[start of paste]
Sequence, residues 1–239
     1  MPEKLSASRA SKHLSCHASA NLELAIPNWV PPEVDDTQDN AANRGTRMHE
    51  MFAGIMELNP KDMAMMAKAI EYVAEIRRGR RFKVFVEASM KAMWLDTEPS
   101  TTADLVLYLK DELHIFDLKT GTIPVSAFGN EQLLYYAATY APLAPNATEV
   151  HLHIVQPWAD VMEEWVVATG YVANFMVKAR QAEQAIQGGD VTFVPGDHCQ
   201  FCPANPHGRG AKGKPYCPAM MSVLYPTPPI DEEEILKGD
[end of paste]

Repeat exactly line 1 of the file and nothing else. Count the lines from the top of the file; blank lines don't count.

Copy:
Sequence, residues 1–239